Universities work online, and primary and secondary schools try to do that also.

Some people gather on balconies to sing every afternoon at 6 P.M. Some organize Skype parties or Facebook Live to meet up. The cultural arena, which is at the moment the most affected by the restrictions, is sharing theater plays, public readings, free movies and so on, on YouTube and other social media. 

A friend of mine who is a singer organized a Facebook Live event on Saturday and wrote online that it was important to him too to be there and to spend his time singing and playing. Actors, musicians, comedians – they are indeed using all the possibilities to spread culture, music and art so to ease the isolation. It is meaningful for us, the audience, and for them as artists too. Performance is assuming a totally different meaning.

We can go out to purchase groceries or medicines or newspapers, but only limited numbers of customers are allowed in supermarkets and shops at a time. That’s why you see people queueing outside, standing a couple of meters from each other.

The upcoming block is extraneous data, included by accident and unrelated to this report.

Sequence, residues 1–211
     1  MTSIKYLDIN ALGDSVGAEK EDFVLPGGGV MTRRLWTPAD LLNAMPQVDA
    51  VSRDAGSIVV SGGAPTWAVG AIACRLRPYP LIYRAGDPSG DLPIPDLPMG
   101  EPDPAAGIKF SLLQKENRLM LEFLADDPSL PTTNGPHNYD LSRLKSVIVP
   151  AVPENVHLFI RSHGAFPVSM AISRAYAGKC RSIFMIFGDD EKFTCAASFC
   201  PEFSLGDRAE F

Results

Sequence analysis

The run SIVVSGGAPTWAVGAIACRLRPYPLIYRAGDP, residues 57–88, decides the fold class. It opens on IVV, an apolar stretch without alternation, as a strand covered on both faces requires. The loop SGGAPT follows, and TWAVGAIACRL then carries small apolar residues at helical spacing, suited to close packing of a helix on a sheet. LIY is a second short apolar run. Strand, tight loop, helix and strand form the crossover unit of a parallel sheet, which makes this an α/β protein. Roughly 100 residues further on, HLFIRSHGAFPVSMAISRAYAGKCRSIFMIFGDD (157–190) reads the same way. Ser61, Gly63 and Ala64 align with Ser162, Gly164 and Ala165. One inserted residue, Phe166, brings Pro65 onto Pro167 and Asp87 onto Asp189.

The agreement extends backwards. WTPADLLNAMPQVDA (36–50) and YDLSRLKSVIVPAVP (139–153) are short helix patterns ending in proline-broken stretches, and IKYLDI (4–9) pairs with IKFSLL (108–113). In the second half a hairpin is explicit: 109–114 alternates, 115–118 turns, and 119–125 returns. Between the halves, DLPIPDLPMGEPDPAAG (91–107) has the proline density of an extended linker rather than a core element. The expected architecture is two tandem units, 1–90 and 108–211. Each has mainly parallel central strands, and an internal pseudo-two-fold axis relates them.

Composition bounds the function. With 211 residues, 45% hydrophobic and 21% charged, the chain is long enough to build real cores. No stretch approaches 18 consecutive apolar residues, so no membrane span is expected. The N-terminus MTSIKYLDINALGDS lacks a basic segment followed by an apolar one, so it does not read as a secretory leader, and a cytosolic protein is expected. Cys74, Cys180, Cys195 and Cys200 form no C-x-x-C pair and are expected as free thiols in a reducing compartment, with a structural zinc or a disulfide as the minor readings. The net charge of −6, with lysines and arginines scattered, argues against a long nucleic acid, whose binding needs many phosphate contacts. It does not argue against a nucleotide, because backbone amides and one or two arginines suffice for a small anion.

If you have a dog, you can walk him. Sports activities indoors are forbidden and all sports centers are closed. We can exercise outdoors, but are all strongly invited to keep our distance and avoid any contact whatsoever.

Rosita Poloni.
Rosita Poloni.

But then, in the end, we are Italians. All sort of ironic visual content is being created at home: videos, pictures, comics. The best was a clip of a lady who is in her bathroom putting some makeup on, dressing up, donning a coat and picking up a purse. When she is asked, “Hey, where are you going?” – she replies with a certain attitude, “Well, to the kitchen of course.”